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4 thoughts on “Dedicant Path: Catch-Up Week

  1. While I’m certainly not the religious type (As, uh, you well know.), I feel I can comment on the Path thing a wee bit. That is, the question “Is this a step on your path, or will it become the Path itself”.

    I think this is a legitimate question, and while it isn’t one you can answer right off the bat I think it is an important question to keep in mind. It’s not a common thing for an Epic Scale Derailment to happen, but it’s important to keep in mind that it can happen and that if it does its not necessarily a bad thing. My personal example — possibly because it’s the only one I can remember happening to me — concerns me locating my master’s thesis topic. I went into a class 100% convinced that I was just going to be filling a requirement and that the paper I’d be hacking out would be a paper of convenience designed with the sole purpose of fulfilling that requirement – the same mindset I’d applied to every paper thus far in my academic career.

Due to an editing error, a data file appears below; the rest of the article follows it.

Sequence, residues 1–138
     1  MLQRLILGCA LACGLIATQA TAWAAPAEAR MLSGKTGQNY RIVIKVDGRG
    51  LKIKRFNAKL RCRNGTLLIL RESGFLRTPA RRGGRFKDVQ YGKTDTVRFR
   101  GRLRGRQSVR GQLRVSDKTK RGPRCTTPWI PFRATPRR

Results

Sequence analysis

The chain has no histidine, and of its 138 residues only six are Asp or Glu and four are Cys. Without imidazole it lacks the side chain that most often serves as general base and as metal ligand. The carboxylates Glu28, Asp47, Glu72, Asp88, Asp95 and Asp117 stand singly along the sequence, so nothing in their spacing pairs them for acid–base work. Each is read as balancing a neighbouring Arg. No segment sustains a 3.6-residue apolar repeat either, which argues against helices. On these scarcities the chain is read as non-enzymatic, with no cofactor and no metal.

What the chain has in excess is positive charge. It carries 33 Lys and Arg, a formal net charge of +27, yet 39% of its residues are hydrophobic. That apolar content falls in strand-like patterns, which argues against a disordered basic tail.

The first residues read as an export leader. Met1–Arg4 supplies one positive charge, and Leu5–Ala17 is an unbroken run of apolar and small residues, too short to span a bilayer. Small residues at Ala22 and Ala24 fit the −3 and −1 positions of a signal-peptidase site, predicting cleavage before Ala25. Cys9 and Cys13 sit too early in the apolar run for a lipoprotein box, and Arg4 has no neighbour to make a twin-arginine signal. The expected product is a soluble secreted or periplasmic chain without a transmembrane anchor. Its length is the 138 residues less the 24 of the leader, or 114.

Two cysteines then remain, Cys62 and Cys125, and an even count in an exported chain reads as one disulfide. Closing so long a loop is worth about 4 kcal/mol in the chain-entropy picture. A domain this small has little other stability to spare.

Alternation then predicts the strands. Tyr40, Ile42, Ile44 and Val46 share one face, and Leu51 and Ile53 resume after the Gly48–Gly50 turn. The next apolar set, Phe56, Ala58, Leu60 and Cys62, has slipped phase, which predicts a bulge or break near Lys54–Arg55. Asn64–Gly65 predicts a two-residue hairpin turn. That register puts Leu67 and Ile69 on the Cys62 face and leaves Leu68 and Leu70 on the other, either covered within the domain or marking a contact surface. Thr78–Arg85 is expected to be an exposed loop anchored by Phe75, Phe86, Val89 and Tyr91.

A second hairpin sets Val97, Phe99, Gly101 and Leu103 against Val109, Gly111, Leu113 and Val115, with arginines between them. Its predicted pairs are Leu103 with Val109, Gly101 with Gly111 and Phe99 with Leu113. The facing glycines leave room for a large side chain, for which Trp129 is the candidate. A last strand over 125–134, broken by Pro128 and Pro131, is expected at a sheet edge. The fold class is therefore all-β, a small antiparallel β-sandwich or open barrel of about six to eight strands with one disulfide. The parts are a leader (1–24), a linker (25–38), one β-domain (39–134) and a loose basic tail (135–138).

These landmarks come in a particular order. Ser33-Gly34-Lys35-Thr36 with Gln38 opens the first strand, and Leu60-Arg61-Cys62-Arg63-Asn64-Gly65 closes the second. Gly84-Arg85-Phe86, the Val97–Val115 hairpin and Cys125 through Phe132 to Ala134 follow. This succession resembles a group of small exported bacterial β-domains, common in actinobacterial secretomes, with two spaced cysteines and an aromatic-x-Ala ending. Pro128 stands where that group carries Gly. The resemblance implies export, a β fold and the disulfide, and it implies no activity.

Then the paper ate my life.

    It’s hard to explain at what point things changed, but, at some point the paper — or rather, the project of the paper, the question that the paper was designed to answer — became the Path as opposed as a step on the path. I hadn’t initially wanted it to (I was going to be a sociologist of religion, dammit! No one would take me seriously if I studied the Internet, or play, or even worse play and the Internet.) but eventually I gave in to it and let it carry me away like a tide. And it hasn’t stopped since — it’s hard to explain, but, now my thesis is looking like a means to an ends instead of an end goal itself. After all, if I finish my thesis I’ll get to move on to a PhD program where I can have a much bigger space where I can take on some of the bigger questions I’ve encountered recently*.